MHE spoke with Matt Parker, vice president of Products at Kyruus and HealthSparq, about the recent price transparency rules that recently went into effect and how they can bring efficiency into care.
Below is a brief excerpt of the conversation with Parker, which has been edited for length and clarity.
Q: Price transparency is supposed to work to bring some efficiency into healthcare. The idea is if people can see prices, they will shop for healthcare. But some experts say healthcare is fundamentally different and that kind of market discipline won't take place. What do you think?
A: I think my point of view is that price transparency is a part of the solution. It's not the only part of the solution, though. Healthcare is different than other consumer behaviors, right? You don't buy healthcare because you want to buy healthcare, because you need to.
You can be placed in a situation where you don't even know that you have a choice in how you engage with services. But what we see as an evolution: payers have engaged with their members over the last 10 years or so around transparency and are finding ways to engage with their members. In new and interesting ways people are starting to ask for and think about this information.
So I would agree with folks that would say price transparency isn't a silver bullet. It isn't. But it's definitely a key and important component to having people make decisions about healthcare that are cognizant of cost and quality, right? Without the information it's hard to blame people for not seeking out prices when they don't have it available to them to from their payers.
We see this as sort of a necessary step to begin that evolution of people thinking about, "what are the implications from a financial perspective, from a network coverage perspective, from a quality of care perspective?"
Q: With price transparency and price transparency regulation, what lessons did your organization learn that might apply to price transparency regulations going into effect today?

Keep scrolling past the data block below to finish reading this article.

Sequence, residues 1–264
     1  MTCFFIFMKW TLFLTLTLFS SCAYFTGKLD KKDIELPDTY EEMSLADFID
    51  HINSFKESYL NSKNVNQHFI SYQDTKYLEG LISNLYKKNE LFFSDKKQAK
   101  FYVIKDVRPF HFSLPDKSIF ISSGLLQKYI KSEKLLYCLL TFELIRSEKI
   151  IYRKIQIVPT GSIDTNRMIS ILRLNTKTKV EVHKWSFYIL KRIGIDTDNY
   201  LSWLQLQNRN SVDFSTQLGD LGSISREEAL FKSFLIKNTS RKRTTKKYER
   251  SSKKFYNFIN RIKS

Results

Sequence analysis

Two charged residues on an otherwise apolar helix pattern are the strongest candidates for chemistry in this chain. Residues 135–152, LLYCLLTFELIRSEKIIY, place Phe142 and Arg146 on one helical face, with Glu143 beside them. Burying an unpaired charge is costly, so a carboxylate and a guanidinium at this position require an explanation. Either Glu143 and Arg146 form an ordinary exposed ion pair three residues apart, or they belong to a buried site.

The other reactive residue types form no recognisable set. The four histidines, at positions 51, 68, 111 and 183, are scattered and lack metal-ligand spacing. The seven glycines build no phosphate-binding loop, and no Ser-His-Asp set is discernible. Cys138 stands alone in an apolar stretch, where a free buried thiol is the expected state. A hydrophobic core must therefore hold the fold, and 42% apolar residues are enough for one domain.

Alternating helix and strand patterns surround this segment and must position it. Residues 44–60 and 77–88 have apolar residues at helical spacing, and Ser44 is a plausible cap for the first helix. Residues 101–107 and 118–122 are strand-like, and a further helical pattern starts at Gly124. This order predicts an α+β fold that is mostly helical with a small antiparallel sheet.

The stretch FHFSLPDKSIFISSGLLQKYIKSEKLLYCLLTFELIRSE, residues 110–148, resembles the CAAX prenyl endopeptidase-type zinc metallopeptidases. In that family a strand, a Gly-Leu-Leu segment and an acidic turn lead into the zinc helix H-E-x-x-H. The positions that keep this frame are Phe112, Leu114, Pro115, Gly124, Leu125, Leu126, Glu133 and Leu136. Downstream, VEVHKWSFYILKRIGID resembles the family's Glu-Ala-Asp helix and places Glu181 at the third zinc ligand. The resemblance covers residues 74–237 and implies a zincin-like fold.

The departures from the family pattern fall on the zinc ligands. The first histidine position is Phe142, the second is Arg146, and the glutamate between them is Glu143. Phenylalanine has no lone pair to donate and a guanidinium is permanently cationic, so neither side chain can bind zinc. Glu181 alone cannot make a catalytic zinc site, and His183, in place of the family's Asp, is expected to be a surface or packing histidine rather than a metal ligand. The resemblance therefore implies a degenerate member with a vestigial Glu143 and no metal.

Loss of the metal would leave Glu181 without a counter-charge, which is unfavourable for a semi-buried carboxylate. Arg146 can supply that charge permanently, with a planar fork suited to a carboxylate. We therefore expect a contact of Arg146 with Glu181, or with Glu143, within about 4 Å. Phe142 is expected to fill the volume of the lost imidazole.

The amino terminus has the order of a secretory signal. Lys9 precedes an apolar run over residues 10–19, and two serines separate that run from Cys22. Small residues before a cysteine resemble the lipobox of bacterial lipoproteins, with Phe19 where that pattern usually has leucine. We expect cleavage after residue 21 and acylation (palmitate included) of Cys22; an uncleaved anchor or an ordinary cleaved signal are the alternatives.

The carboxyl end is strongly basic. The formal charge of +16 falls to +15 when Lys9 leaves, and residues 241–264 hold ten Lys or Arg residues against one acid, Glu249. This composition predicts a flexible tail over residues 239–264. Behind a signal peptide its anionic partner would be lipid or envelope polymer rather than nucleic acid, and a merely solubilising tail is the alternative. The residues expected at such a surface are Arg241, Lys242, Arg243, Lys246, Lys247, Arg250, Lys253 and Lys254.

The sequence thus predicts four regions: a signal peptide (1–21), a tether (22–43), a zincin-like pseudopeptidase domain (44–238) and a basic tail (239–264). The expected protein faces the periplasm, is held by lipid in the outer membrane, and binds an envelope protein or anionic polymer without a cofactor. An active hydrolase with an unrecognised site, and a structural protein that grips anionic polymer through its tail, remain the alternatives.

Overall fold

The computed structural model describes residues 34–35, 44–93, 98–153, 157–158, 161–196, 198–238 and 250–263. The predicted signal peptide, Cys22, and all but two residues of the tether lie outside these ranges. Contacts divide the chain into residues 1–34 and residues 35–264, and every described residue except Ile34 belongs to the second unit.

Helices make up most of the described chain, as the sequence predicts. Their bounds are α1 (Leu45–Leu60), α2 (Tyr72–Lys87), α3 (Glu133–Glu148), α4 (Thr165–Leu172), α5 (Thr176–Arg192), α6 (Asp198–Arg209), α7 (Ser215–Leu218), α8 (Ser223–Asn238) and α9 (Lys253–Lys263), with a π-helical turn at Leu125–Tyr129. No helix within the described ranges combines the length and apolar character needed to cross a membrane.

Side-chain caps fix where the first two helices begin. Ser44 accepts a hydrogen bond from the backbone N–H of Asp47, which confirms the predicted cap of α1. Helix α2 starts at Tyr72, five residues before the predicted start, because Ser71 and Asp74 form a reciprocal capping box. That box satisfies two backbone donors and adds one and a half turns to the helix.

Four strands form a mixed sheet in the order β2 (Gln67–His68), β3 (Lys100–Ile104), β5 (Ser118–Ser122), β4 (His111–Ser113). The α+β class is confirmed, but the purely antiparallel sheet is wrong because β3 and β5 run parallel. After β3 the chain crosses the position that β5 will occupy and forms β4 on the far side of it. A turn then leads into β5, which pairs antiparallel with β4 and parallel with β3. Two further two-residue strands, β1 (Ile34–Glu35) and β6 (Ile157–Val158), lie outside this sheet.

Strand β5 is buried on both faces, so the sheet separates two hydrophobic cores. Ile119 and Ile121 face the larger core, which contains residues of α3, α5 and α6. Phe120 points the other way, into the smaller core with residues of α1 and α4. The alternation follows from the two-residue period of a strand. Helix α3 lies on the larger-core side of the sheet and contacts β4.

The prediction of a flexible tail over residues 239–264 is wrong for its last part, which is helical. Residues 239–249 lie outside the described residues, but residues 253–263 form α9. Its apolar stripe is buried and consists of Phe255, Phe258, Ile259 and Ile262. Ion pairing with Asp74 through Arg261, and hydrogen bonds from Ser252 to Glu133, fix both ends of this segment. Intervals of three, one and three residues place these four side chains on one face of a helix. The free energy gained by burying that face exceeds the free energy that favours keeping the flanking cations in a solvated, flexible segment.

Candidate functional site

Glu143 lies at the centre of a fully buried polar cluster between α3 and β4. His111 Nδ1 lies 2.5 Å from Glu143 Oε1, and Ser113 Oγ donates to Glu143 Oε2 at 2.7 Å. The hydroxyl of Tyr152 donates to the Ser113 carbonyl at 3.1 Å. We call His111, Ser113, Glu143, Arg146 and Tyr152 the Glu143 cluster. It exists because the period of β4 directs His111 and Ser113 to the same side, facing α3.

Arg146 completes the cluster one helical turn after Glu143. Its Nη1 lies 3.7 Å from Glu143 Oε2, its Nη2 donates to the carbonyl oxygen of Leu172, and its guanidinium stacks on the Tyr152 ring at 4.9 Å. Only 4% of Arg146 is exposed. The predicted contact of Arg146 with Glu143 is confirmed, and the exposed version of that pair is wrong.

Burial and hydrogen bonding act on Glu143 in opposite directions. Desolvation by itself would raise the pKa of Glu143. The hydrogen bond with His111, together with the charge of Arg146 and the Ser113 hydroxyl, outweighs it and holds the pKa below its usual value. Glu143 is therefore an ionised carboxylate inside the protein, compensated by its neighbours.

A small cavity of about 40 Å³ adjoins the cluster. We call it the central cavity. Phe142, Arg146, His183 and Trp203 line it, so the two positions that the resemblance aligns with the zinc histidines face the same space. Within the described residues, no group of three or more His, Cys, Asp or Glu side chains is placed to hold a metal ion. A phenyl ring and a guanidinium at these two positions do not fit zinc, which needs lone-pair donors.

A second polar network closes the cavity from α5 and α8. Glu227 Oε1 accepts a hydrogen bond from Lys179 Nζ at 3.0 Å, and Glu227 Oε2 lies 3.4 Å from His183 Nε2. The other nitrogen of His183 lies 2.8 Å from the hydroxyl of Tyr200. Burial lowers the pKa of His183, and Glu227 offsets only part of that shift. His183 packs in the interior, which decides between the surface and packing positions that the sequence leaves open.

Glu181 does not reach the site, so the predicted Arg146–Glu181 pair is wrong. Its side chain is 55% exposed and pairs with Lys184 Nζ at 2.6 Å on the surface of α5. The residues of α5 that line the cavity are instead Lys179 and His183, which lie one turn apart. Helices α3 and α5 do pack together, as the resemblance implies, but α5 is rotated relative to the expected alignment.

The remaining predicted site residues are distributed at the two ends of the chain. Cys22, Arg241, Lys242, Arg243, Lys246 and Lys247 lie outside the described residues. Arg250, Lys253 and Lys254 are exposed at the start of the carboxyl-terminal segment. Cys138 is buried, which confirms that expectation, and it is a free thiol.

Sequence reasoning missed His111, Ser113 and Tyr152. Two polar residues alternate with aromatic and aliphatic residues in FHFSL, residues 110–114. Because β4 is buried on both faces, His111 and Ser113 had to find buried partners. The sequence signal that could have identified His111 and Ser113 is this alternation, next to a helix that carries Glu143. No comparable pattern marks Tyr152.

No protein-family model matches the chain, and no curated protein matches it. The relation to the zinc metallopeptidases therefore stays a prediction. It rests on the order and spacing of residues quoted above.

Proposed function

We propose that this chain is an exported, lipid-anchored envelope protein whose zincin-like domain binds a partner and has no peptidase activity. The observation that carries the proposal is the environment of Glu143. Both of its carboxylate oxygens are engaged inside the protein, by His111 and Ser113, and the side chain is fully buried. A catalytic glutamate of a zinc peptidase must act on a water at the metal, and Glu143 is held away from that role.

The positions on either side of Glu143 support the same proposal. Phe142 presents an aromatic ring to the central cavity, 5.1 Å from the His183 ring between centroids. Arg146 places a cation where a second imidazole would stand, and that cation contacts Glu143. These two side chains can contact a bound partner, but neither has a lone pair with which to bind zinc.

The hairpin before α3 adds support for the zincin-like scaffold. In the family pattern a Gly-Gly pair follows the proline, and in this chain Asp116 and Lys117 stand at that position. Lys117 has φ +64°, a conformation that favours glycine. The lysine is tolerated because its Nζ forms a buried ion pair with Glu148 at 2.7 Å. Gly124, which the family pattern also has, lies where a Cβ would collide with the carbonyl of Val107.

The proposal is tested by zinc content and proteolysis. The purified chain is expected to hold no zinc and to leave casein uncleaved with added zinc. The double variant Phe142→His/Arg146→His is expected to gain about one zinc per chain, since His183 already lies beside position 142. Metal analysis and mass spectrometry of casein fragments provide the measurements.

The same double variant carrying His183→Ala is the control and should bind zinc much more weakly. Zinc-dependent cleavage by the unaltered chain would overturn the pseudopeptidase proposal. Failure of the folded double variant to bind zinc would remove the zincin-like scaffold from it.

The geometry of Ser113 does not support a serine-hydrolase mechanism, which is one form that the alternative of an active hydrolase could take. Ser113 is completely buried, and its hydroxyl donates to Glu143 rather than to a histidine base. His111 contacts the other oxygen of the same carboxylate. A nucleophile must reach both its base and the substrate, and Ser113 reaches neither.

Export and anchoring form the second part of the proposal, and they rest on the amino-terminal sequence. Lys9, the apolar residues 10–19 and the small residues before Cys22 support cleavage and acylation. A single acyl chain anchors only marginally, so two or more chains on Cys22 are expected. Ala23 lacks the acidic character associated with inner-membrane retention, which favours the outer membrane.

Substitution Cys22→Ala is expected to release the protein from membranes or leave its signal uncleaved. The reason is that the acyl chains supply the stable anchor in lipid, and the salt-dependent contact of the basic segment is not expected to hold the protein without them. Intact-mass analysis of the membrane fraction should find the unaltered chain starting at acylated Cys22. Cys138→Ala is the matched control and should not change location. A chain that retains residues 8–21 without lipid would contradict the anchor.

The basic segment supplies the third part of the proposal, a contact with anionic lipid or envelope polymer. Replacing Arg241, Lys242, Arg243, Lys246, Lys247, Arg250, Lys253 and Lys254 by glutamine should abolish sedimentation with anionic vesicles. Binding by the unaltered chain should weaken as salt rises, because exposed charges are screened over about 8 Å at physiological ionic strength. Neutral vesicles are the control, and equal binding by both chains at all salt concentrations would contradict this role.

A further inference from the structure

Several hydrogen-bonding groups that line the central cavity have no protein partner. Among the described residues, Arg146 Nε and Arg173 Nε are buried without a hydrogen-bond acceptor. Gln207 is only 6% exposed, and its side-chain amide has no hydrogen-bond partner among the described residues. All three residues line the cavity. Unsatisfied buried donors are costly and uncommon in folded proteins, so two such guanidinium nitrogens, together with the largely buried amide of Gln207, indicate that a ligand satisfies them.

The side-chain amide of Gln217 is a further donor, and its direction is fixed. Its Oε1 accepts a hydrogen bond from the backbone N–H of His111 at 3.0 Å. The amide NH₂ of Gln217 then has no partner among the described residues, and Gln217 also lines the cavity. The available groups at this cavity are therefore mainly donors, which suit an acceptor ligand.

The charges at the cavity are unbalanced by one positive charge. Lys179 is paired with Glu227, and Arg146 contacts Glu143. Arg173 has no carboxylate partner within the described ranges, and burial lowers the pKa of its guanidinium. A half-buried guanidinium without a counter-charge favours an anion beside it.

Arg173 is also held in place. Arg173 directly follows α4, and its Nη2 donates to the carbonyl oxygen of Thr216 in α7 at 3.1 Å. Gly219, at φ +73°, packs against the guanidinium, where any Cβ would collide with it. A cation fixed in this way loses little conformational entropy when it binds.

A: I think the key for us is all regulations around transparency are really meant to support individuals who are engaging in sort of economic behavior that can have important financial ramifications for them.
Releasing data, which is what today is about, really is a part of that. But it can't be the only part it needs to be.
We see it sort of as the baseline to help somebody use this information to make a healthcare decision. You need the information. But you've got to build the experience, you've got to build the engagement, you've got to build the toolkit for a person who's kind of not conversant in healthcare and doesn't understand how all this works.
You've got to build a place for this person to go and understand that context, in a way that meets people where they are usually when they're in pain, or scared or worried. It's one thing to sit down and do research on something that's complicated when you're at your best, but nobody buys healthcare when they're at their best. It's an important thing to layer on a set of tools and an experience, and that's what our organization has been doing for a long time: is really focusing on how to how to provide guidance to people who are making these complicated, financial decisions around their health and understand what their options are.